Mexico: How the Opposition Can Effectively Oppose AMLO
The Mexican opposition is in shambles, but they can resurrect themselves if they pose a clear and credible alternative to AMLO's populism.
Last Tuesday, August 8, Andrés Manuel López Obrador (AMLO) was officially declared president-elect of Mexico. Now it is time for the official opposition to position itself as the clear alternative for the Mexican people.
So far, the National Action Party (PAN) and the Institutional Revolutionary Party (PRI) are the parties that have jockeyed to position themselves as the true opposition to the future government. However, in the wake of presidential and legislative elections, both have been strongly rebuked by the Mexican electorate, so it will be necessary for them to propose an alternative that is sufficiently attractive, if they have any hope of regaining their former political prominence.
Importance of the opposition for the future government
It is “of fundamental importance” that there be a real opposition, noted analyst and university professor Gerardo Garibay in an interview with the PanAm Post. López Obrador was not only the first president in the history of Mexico to be elected by absolute majority, but also the first president whose party, National Regeneration Movement (Morena), will have a majority in the Chamber of Deputies and the Senate.
Of nine state governments, López Obrador’s party won five, as well as a majority in nineteen of twenty-seven local legislatures.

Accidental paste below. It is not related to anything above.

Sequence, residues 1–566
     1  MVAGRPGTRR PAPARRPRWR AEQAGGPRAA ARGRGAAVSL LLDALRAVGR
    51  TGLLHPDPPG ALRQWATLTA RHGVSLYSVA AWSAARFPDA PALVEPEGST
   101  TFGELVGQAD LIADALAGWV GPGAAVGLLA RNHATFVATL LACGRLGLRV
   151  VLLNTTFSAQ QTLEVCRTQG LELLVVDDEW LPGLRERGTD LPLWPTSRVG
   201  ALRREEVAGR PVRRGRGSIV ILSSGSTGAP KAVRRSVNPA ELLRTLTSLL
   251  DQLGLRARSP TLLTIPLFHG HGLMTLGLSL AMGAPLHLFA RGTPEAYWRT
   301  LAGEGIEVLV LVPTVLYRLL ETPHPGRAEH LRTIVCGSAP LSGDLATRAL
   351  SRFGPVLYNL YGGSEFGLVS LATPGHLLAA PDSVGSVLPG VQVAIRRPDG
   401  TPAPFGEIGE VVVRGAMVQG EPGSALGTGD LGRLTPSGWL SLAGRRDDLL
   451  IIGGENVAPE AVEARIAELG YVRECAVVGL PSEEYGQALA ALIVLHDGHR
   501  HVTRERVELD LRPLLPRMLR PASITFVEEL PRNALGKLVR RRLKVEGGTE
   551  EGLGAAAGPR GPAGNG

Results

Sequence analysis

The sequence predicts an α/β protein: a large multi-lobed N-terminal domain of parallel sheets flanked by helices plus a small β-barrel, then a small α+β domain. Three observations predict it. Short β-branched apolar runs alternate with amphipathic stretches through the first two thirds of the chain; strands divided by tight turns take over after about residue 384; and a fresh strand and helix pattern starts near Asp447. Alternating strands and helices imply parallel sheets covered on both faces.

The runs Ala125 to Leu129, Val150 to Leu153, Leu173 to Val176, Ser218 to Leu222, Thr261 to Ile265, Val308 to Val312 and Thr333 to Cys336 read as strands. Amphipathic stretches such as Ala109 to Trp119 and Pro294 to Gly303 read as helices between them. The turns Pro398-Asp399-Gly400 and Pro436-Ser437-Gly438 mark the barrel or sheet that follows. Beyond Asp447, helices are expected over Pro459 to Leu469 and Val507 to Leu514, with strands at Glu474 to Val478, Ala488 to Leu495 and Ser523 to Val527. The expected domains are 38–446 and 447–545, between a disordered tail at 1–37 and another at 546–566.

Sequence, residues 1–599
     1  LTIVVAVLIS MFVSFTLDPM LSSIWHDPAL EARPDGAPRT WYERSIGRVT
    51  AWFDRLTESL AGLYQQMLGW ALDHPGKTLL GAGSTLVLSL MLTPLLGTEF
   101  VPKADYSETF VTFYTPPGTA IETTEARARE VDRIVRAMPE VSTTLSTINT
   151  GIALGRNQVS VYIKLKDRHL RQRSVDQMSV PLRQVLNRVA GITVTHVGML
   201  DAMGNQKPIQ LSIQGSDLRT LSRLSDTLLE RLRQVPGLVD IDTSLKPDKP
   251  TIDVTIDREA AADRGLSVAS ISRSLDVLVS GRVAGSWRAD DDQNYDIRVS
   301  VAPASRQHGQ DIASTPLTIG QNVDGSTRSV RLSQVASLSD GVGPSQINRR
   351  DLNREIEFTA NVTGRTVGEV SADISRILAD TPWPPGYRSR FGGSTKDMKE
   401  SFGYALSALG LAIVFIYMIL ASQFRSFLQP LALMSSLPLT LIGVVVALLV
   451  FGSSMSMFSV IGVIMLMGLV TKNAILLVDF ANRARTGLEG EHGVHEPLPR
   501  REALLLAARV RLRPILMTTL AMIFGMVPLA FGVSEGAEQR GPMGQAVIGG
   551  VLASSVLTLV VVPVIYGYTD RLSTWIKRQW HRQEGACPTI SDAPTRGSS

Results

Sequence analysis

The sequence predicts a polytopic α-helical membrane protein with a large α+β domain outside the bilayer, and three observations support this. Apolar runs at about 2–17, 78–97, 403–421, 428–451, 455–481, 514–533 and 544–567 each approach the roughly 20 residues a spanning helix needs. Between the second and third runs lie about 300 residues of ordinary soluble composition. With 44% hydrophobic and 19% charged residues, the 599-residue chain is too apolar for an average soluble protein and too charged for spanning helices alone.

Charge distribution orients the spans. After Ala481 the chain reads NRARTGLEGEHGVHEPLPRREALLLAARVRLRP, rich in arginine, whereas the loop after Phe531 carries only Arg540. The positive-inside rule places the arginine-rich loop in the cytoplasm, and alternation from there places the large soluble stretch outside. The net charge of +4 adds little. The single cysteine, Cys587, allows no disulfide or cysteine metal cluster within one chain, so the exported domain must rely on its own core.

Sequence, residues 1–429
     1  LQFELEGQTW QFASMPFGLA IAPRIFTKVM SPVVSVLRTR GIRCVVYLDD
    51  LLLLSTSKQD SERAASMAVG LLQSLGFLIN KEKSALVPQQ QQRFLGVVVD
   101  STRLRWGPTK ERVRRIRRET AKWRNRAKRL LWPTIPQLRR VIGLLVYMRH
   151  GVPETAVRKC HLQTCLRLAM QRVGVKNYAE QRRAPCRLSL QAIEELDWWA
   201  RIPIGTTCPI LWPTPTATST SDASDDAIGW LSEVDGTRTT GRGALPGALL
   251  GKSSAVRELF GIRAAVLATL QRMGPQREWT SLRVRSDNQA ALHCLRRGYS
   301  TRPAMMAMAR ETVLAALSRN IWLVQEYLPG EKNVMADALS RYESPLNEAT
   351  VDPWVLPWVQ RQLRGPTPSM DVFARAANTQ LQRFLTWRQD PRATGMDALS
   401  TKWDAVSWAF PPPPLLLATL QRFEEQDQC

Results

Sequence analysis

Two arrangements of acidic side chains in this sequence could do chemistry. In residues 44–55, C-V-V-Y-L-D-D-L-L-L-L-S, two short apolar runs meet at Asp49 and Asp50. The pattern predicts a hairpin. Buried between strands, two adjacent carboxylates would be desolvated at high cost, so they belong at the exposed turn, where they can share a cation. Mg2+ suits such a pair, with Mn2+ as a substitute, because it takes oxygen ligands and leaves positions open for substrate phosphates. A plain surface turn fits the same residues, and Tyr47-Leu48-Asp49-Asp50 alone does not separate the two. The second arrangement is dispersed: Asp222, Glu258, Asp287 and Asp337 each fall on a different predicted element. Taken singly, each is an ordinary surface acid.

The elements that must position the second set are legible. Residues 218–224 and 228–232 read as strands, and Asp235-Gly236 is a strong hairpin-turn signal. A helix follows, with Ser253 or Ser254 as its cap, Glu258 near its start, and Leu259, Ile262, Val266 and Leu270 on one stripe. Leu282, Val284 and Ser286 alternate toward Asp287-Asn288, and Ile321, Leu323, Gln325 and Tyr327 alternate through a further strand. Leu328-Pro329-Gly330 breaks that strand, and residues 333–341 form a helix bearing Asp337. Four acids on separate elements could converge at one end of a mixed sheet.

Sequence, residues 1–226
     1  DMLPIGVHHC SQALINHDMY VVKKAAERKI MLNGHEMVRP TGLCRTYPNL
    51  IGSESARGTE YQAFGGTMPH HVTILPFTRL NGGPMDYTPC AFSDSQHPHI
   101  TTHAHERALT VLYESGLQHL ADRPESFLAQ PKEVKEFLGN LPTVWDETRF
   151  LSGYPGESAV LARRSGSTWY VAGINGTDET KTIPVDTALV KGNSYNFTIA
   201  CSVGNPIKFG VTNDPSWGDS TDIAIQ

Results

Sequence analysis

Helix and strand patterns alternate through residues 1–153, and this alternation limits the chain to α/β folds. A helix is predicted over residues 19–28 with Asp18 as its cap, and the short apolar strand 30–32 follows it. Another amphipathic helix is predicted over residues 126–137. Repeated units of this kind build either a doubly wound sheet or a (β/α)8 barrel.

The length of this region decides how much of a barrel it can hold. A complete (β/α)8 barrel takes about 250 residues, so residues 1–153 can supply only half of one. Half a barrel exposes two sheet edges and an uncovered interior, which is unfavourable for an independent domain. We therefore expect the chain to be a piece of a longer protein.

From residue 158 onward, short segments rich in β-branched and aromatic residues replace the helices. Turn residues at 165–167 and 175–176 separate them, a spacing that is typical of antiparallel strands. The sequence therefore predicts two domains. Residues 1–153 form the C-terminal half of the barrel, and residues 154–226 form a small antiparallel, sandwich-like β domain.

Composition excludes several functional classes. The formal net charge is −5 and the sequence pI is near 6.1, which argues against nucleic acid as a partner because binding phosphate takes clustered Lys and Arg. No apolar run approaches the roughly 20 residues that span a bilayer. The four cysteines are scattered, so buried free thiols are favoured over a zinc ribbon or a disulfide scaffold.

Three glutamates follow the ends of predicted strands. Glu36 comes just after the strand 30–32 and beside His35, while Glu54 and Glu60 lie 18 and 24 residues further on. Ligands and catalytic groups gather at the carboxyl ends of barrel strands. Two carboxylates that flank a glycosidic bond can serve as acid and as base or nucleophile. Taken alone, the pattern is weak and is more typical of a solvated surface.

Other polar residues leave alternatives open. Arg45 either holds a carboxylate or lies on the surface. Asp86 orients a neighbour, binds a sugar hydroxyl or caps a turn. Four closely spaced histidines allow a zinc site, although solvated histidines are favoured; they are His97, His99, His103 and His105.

“Most of Obrador’s agenda they will not be able to stop, but it is very important to maintain vigilance within the institutional framework,” said the expert.
Garibay warned that if the opposition fails to regain its political position, in 2021, when midterm elections are to be held, López Obrador could have almost complete control of the country.
“Several states hold elections over the next two years and it is important to stop the advance of Morena at the local level,” he said, stressing that if changes are not made, after 2021 Obrador could achieve “a majority of two thirds in the Congress and control most of the local legislatures,” which is what is needed to reform the Constitution of the country and it is there “where the real damage can be done,” he warned.
What should the opposition do?
Gerardo Garibay said that the country desperately needs a viable political and even logistical institutional alternative to Morena, and for this the opposition should start working on its repositioning.
“Now they are just licking their wounds” after the electoral defeat, he said, but stressed that soon they must regroup and be ready to “take the lead in formulating an opposition agenda.”
“In a few weeks, PAN must begin to reform its national leadership and by December announce what its policy positions will be; the PRI basically must do the same,” he said.
Until now, what has been clear is that both parties are opposed to any populist measures, but, according to Garibay, now the parties should focus not only on demonstrating that, but also on creating alternative proposals.
The first thing they should focus on is generating a contrast with the legislative agenda that the government of López Obrador is going to propose, while also dealing with local issues for the next elections.
“Now what they are doing is showing the hypocrisies and the acts of dubious ethics of the new government, but they should not fall into the trap of opposing AMLO merely for the sake of being in the opposition, because even when it’s valid for the short term, in the long term they need to build their own movement and brand,” he said.
Both PRI and PAN must correct their errors in political matters to build and make effective their work in the opposition.
“Now all they can do is to hope for the best; that PAN and PRI manage to rise from the ashes and propose an alternative that is attractive, congruent, and clear before López Obrador,” he concluded.